Bourne Archive: Muspratt: Brewing water

Annotated web page © 2011 R.J.Penhey                      Latest edit 23 Jan 2011


The Bourne Archive


Muspratt’s Chemistry, Theoretical, Practical & Analytical (ca. 1859)

Extracts Concerning Beer, 3: Water.

The web pages intended to be linked from this introduction are from an article on brewing, under the heading ‘Beer’. The original article is presented here in several web pages, respectively dealing with: 1, barley; 2, malting; 3, water; 4, hops; 5, grinding: 6, mashing; 7, saccharometry; 8, boiling; 9, cooling; 10, fermentation; 11, cleansing.

Vol. 1. pp. 244-245.

WATER.—Good water in a brewery is a great desideratum, and the reader’s attention is now directed to this subject.

 Perhaps nothing in nature is more variable in character than this apparently simple fluid, which is not the aqua pura which it seems, and which many believe it to be, but a heterogeneous mixture of alkaline and metallic salts, acids, gasses, and occasionally even animal and vegetal matter, some being held in chemical union, and others in mechanical suspension. Pure water, or oxide of hydrogen, is attainable only by art.

Some brewers prefer soft and others hard water, whilst a few are quite indifferent on this point.

Were the density of the worts, and the value of cold water, for refrigeration and other purposes, properly considered, there would be little hesitation in their choice; and it is of importance to arrive at a correct conclusion on this point; for, though a brewer already established can seldom choose a different spring or stream, the case is much altered when the site of a new brewhouse is to be selected.

Water free from saline matter, or that holds it in very small quantity, is unfit for the brewery. The softest is in the state of snow, which, according to BERGMAN 1, is destitute of all gaseous bodies, so that fish cannot live in it.

The Editor does not deem it necessary to give a long dissertation upon this liquid, as nearly every one at all acquainted with brewing knows, that water which contains a large quantity of gypsum—sulphate of lime—earthy carbonates, and no organic matter, is best adapted for his purpose 2.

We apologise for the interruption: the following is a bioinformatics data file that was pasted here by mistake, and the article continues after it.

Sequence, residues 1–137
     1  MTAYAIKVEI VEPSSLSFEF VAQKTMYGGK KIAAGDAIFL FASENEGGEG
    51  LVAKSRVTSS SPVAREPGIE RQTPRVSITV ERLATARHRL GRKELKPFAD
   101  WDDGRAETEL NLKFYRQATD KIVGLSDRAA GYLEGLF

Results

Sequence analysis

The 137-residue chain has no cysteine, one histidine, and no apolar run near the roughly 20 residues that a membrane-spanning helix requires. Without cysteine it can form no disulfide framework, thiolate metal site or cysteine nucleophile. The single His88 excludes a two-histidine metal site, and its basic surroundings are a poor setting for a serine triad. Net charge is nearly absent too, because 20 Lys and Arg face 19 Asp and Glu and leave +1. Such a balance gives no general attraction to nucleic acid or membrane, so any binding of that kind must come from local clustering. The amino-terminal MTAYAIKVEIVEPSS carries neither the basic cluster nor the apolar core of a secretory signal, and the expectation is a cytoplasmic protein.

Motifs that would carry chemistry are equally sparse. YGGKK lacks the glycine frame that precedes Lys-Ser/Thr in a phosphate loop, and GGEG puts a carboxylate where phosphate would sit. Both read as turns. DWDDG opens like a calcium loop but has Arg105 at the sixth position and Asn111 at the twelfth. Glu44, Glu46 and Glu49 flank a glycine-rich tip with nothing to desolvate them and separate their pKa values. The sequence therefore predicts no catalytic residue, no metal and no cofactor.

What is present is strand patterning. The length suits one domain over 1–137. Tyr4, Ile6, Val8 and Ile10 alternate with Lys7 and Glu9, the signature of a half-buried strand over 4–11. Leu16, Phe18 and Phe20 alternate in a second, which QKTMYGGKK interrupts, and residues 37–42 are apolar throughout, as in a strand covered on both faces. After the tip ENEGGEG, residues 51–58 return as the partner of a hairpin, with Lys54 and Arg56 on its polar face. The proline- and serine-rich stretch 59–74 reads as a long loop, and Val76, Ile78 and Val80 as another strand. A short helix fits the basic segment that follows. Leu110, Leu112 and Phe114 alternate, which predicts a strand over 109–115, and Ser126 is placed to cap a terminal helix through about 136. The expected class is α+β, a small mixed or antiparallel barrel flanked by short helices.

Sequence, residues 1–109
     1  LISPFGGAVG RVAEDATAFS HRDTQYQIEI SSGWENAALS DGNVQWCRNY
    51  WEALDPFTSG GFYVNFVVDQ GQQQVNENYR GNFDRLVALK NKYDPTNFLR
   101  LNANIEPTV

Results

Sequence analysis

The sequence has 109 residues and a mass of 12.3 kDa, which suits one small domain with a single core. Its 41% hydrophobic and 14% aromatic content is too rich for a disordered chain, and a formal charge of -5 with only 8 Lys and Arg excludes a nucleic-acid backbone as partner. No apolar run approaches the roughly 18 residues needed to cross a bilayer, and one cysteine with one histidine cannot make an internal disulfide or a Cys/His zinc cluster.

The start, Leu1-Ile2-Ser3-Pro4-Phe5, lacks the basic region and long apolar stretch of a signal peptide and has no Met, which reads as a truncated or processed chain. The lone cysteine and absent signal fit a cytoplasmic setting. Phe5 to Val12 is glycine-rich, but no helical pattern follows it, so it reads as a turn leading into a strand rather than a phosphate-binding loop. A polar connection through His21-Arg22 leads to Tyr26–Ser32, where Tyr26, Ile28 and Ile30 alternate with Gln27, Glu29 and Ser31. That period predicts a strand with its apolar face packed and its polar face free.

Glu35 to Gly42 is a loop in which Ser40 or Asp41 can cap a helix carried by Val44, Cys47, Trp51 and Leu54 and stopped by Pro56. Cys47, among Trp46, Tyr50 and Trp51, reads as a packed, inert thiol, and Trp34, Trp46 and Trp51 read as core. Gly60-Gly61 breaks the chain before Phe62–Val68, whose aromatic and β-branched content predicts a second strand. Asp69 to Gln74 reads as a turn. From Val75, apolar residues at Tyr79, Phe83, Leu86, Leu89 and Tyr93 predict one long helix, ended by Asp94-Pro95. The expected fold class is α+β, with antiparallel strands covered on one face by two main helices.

Many, no doubt, wonder why hard water answers so much better in the preparation of malt than soft. A few reasons, to account for this, may not be unacceptable to the reader.

Dr. HASSALL says:—During ebullition, the excess of carbonic acid in the water, by which the carbonates of lime 3 and magnesia 4 are retained in solution, is expelled, and those salts are precipitated 5. Again, the alkaline phosphates present in malt have the power of converting sulphate of lime into phosphate, which is thrown down; an alkaline sulphate, which is soluble, being synchronously formed. The greater part of the phosphate of lime produced is redissolved in the acid generated during the fermentation; consequently the water, from being hard, thus becomes comparatively soft, and in this state is well suited to extracting the active properties of the malt and hops.—Hassall.

This is entirely speculative, and is not based on experiment; nevertheless, the theory is ingenious.

Another advantage in the use of hard water presents itself, which is, that more saccharine matter can be left in the beer, by which the fullness and flavour will be increased, and the liability to become acid prevented.

Water loaded with organic matter, like that of the Thames, is a decided loss to the brewer, as the vegetal and animal remains are decomposed during brewing, and carry with them some portion of the strength of the wort, besides rendering it and the beer liable to spoil 6.

Messrs. ALLSOPP and SONS, Messrs. BASS and Co., Messrs. SALT and Co., and other eminent Burton brewers, have long been celebrated for the quality of their beer, and many conjectures have been made to account for the excellence and superiority of the article brewed in that locality.